Let’s make some great fudge that’s so easy even a child could do it. This crock pot fudge recipe is just what you need for the holidays.
I love a little fudge, and it is that time of the year. I just need little, not a lot; just a little fudge will do.
A slow cooker is perfect for making fudge because it doesn’t scorch or burn at least on low. So with this recipe, you can add your choice of nuts like I did. You could top with candies like sprinkles, M&M’s, or Reese’s Pieces.
A nice 5. There is better fudge, but this is very nice.
Pro Tips: Recipe Notes on Crock Pot Fudge
There are lots of slow cooker fudge recipes out there. There were very few surprises. There are recipes that are far from the mainstream, but most use chocolate chips and sweetened condensed milk like my 5 Minute Fudge.
Why is the Crock Pot Lid OFF
The first and most obvious thing about this recipe is cooked in an open crock pot with the top off. Yep, no top.
Why you ask? Water is the enemy of fudge, and with the top off, all moisture is vented. Several recipes (usually British if I remember) were very emphatic about this, and I believe they were right.
Just leave the top off. Your slow cooker will be slower, but that is fine. I tried just leaving it ajar, and it was not the same. Moisture still accumulated on the lid and dripped back in.
Low Vs. High on the Crock Pot.
Why low for the fudge? Can I just turn it up since I have the top off? No, please don’t do that.
On low, most crock pots are about 200 degrees. On high, some crock pots may run up to 250 degrees. They shouldn’t, but some do. That is just too high for fudge and will ruin the texture.
If you want to hover over the crock pot, stir frequently and stop when it is melted, you can use high. But with low, you can dump and come back later. Even if you skip the stirring, it should be fine.
Butterscotch Chips Option
So the recipe gives an option to use two bags of semisweet chocolate chips or one bag of chocolate and one bag of butterscotch chips. While all the other recipes use just chocolate, I like my fudge with some butterscotch.
But the butterscotch doesn’t melt quite like the chocolate chips. It likes to maintain its shapes even when melted. When doing a stovetop fudge like my 5 Minute Fudge, you are standing there stirring the pot but not so much here.
So the answer is fairly simple, stir well several times and at the end stir aggressively and mush any remaining chips against the side to make it combine with the chocolate. Not hard but just be aware of it. Also, I would not even try the generic butterscotch chips.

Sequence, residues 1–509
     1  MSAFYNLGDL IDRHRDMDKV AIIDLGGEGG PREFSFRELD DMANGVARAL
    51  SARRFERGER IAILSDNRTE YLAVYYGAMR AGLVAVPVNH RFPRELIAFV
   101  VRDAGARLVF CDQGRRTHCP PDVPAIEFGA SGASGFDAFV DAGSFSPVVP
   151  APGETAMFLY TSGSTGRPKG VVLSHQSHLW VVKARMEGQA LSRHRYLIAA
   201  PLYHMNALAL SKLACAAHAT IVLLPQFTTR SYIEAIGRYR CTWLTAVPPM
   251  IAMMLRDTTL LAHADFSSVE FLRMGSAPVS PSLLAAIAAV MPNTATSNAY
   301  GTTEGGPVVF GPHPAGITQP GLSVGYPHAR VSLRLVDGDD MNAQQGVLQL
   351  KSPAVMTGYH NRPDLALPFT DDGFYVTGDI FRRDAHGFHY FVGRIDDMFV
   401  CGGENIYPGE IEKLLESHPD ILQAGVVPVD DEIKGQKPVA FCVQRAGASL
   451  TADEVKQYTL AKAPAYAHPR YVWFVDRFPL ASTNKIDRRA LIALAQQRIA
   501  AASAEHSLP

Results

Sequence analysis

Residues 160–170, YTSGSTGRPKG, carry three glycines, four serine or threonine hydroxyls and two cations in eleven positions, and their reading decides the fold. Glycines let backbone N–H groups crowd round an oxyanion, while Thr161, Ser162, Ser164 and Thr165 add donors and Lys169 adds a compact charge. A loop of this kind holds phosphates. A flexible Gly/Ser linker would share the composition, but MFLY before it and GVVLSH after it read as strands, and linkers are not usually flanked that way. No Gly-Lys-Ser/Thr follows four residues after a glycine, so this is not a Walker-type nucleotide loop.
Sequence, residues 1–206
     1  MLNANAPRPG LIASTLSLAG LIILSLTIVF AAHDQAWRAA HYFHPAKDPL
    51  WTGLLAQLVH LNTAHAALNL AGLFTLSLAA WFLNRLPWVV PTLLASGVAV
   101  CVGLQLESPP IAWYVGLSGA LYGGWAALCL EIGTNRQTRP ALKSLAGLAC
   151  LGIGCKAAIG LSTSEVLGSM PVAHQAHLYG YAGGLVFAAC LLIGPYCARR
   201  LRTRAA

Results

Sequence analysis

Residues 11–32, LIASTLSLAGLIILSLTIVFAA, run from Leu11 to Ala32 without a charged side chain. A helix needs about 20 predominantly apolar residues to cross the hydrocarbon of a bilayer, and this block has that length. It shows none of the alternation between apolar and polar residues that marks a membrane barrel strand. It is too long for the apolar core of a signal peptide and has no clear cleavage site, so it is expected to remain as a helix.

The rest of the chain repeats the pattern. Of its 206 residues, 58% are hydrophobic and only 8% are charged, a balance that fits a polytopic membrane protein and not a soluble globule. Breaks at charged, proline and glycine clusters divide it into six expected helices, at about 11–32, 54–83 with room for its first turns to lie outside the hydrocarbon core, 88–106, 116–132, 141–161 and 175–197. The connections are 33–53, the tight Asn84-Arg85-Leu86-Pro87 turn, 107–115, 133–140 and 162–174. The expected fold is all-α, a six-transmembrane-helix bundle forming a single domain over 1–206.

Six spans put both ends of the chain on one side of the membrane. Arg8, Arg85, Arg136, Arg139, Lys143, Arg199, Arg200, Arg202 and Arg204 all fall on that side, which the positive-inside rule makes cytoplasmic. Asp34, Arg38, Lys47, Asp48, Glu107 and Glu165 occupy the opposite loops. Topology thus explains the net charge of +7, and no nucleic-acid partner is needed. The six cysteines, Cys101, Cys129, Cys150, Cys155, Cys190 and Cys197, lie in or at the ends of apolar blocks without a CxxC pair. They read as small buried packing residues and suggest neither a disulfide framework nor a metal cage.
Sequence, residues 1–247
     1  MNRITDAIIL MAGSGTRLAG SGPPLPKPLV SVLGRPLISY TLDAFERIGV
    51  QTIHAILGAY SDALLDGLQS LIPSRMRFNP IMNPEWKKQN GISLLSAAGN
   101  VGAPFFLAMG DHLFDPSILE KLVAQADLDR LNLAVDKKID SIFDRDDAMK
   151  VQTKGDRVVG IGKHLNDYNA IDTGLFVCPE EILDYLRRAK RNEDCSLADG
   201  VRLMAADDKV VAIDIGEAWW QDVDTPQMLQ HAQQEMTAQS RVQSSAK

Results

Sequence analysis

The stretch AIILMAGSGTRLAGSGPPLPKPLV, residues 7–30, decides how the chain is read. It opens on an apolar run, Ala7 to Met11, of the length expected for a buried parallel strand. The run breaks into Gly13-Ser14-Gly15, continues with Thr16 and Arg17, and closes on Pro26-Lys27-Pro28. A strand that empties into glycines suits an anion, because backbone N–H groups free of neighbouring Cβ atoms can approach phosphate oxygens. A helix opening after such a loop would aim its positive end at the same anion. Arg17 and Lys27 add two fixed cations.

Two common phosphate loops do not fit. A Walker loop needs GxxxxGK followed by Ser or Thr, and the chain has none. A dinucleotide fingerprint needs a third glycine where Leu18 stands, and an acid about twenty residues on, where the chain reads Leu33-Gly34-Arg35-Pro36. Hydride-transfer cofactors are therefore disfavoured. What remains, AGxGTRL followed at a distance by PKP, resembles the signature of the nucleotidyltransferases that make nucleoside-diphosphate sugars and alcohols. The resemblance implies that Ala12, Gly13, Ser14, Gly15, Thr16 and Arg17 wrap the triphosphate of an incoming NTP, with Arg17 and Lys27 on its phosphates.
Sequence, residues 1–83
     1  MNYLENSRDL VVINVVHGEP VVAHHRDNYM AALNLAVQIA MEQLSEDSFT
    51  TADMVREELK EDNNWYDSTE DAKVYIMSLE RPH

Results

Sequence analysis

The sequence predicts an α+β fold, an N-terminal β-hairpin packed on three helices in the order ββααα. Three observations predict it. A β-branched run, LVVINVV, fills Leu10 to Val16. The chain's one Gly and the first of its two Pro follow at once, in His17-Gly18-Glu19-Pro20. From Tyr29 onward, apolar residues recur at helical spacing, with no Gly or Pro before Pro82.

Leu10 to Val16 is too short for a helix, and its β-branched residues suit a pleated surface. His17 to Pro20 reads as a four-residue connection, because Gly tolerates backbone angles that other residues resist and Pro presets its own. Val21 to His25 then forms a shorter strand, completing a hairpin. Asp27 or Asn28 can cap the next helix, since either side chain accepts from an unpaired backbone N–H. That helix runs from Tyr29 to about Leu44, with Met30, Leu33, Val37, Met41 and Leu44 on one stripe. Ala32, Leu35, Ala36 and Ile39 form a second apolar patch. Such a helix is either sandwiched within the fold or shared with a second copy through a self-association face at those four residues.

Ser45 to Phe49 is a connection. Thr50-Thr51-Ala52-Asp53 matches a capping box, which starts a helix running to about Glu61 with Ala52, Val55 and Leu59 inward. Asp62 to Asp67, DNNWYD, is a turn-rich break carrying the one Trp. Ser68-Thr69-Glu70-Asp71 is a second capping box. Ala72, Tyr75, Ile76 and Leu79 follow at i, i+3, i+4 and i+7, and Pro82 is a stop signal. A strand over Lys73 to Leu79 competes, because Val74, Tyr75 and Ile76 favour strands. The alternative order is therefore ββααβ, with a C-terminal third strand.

I used an 8-inch square pan. A 9-inch would also be fine. Or make a wreath like my Easy Fudge.
Crock Pot Size
This recipe is just right in my 3.5-quart crock pot but could use a bigger pot. It might melt a little faster. You need to have the chocolate melted well, and if using butterscotch chips, they need to be soft enough to combine. So you need to know your pot and pay attention.
Other Candy Recipes You May Find Interesting
Start with a smaller crock pot. I used a 3.5-quart cooker. But a larger crock pot will be fine. Give it a heavy spray of PAM.
Combine one 14 oz can sweetened condensed milk, two 12 oz bags semisweet chocolate chips and one teaspoon vanilla. You can substitute one bag of butterscotch chips for one of the chocolate chips bags but see the recipe note about the butterscotch chips first, please. Cook in the crock pot for 2 hours with the cover OFF. Stir halfway through.
Remember TOP OFF and on low.
Prep an 8 by 8 or 9 by 9 pan with crossing sheets of parchment paper. Also butter corners well to prevent sticking. I like to just a touch of butter under the parchment paper to hold it in place.
You can just butter the dish if you wish. If you do this then after cooled, set in warm water for a few minutes to release the fudge.
When the fudge combines easily, mix in 3/4 to 1 cup of chopped walnuts if you wish.
Pour into the prepared pan and smooth. You may add other toppings at this time. Refrigerate until firm (at least 2 hours).
Remove from pan and cut into servings.
Store in an airtight container. It should be good at room temperature for at least a week. Refrigerated for 2-3 weeks or frozen for up to 3 months.
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Originally Published November 12, 2017